Review: Bluetone Rattlebox Fuzz

• Riff guitar parts (panned slightly left and right): Hamer USA Studio Custom
• Rhythm and lead guitars: Squier Bullet Stratocaster
• Guitar amp: Bluetone Shadows Jr
• Mic: Shure 545SD
• Mic preamp: Cranborne Audio Camden EC2
• The Squier Bronco Bass was recorded direct with the EC2

To many the Glam Rock genre was born with the release of T. Rex’ eponymous album in December 1970, as well as with the band’s two standalone singles ”Ride A White Swan” (10/1970) and ”Hot Love” (02/1971). The album ”Electric Warrior” (released in September ’71) – and especially its huge hit single ”Get It On (Bang A Gong)” – then shot the band into the stratosphere.

Marc Bolan’s idiosyncratic vocal delivery, charged with unveiled eroticism, was an important ingredient in the band’s success, but for many the real magic happened in the T. Rex guitar sound. Probably the most important ingredient in Bolan’s tone was a rather rare British fuzz box, called the John Hornby Skewes Shatterbox. Even though the Shatterbox was a two-in-one box that added a switchable treble booster to the fuzz, Marc Bolan tended to rely on the fuzz effect only, while using a Dallas Rangemaster for boosting purposes.

Fans of the T. Rex guitar sound were facing a dilemma; Rangemaster copies aren’t that hard to come by, but Shatterbox Fuzz copies are almost impossible to find. That is, until now…

The brand-new Bluetone Rattlebox Fuzz (220, – €) is a slightly modernised version of the original 1960s Shatterbox.

Bluetone’s Rattlebox contains a sensibly updated version of the Shatterbox’ original fuzz circuit. The Rattlebox is extremely easy to use, because it sports only two controls – Swell (the gain control) and Fuzz (the volume).

The Bluetone Rattlebox’ circuit is designed around three silicon transistors. The built-quality is top notch, without resorting to any point-to-point-voodoo. This effect runs on any Boss-type nine-volt power supply.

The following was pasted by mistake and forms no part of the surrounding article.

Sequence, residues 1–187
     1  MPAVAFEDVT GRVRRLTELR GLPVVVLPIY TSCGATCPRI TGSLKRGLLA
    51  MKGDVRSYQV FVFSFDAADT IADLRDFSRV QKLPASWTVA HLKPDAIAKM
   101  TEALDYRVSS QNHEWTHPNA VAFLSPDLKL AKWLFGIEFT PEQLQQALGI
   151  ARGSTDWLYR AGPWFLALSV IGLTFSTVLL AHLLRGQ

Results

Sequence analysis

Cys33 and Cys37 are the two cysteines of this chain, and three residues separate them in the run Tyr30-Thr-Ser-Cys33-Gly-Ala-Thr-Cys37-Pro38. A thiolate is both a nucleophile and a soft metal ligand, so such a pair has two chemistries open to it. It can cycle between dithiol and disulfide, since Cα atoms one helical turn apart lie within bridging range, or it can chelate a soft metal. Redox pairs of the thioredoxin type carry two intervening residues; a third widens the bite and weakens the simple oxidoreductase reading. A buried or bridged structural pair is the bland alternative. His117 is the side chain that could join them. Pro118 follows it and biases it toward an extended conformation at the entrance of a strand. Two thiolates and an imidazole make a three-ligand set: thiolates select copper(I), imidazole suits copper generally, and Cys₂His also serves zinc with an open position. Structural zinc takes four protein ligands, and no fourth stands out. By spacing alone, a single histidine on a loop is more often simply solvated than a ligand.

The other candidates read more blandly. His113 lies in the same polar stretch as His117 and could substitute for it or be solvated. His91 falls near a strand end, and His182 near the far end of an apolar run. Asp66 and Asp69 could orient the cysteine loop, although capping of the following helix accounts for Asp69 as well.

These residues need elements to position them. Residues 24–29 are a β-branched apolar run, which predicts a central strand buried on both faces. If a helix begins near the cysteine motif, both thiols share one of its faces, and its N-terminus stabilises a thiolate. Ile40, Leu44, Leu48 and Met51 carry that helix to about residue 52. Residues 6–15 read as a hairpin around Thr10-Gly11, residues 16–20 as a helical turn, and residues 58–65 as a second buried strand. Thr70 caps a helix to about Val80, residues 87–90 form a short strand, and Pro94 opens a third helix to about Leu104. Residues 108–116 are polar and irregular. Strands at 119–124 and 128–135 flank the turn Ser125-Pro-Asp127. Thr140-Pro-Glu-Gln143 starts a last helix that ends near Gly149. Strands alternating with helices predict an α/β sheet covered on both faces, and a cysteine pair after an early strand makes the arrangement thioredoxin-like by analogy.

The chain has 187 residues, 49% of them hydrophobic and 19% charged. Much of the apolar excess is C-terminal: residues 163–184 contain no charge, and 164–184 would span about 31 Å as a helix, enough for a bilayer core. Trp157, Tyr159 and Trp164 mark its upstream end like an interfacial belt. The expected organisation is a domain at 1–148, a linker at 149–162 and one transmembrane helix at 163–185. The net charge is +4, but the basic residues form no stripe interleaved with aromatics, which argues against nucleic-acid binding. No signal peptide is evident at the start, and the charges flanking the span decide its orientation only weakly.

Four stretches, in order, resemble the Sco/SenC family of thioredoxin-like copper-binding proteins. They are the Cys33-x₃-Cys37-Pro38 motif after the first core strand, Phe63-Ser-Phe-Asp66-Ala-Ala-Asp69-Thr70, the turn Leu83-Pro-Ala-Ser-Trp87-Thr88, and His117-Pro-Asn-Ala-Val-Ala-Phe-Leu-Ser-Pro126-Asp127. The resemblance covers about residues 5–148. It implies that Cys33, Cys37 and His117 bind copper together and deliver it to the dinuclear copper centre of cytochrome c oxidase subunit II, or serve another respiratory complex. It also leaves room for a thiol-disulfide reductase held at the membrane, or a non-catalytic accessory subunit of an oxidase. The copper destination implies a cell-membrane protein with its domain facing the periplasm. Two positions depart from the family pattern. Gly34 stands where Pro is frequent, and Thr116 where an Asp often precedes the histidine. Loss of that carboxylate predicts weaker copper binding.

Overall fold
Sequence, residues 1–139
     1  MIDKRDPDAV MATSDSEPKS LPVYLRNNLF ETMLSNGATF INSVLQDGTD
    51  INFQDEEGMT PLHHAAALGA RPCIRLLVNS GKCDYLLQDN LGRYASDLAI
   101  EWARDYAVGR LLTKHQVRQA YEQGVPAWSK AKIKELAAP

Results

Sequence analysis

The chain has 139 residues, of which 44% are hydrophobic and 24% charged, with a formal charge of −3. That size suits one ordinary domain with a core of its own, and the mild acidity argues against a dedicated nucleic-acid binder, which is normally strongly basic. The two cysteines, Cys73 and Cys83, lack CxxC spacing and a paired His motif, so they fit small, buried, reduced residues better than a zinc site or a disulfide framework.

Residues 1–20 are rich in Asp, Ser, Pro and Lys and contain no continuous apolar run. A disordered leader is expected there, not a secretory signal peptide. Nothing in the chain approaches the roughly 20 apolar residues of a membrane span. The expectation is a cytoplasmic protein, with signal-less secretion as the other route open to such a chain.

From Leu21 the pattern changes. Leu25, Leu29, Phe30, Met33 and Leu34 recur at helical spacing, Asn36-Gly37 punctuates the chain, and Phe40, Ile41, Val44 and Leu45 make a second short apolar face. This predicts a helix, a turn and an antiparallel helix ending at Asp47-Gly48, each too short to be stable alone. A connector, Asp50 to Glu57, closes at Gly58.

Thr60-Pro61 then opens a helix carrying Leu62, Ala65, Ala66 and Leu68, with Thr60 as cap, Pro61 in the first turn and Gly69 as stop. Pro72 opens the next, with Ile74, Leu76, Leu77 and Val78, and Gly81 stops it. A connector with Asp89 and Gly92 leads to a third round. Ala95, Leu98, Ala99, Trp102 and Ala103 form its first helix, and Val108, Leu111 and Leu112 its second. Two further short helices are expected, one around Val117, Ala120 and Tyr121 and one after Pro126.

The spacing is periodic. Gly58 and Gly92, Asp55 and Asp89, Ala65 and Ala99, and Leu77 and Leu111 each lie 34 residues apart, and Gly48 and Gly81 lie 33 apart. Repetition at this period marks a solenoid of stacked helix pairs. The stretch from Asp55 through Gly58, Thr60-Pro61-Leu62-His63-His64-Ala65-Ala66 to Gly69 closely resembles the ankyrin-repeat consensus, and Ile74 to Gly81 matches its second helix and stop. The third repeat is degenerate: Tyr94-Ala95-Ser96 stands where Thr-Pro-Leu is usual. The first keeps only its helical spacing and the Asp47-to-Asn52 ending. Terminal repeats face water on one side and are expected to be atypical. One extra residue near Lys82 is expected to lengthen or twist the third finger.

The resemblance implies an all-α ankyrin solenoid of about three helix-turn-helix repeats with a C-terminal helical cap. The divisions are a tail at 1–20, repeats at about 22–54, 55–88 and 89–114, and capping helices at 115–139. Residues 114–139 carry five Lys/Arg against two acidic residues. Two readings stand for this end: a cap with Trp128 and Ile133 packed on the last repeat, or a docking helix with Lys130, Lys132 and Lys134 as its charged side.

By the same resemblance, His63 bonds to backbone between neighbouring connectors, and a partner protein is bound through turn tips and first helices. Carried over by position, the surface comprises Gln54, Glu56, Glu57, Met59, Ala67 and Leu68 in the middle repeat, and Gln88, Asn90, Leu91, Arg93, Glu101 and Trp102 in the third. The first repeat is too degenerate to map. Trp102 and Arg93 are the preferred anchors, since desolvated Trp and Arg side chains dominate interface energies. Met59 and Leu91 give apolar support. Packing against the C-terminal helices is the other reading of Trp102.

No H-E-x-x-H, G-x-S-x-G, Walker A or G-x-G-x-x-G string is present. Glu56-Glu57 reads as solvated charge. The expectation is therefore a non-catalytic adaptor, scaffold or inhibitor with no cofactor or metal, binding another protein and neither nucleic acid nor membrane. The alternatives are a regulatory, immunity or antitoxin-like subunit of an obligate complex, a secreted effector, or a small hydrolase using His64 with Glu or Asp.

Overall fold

What does the Bluetone Rattlebox offer you that you cannot get from other fuzz pedal?

Compare to a silicon Fuzz Face, for example, the Rattlebox sounds much fatter, and its bite is situated in a slightly lower frequency range.

Speaking of which: Fuzz Faces – and similar designs – are usually used with the gain turned up full or almost full. Then you use you guitar’s volume control to find your personal sweet spot.

This ”pedal to the metal” approach doesn’t work that well, when applied to the Bluetone Rattlebox. There are two reasons for this:

For one, Bluetone’s new fuzz react very interactively to the pickup feeding the signal to the pedal, and, secondly, the ”wrong” choice of Swell setting will make the pedal gate rather easily, sometimes even sounding like a broken guitar cable.

The Rattlebox is best approached by carefully going over the settings across the whole range of the Swell control to find the best spots to achieve the desired sound with your guitar.

In this example I recorded a silicon Fuzz Face clone (first half) and the Bluetone Rattlebox (second half) with the controls turned full up on both pedals. With these settings the Rattlebox leaves clearly audible gating artefacts with the guitar’s (SG Junior copy) own volume turned down.


You can get beautiful and creamy rhythm sounds from the Bluetone Rattlebox, as the demo song proves. The lead guitar’s strong gating, on the other hand, is used here deliberately to accentuate each note’s start and finish.


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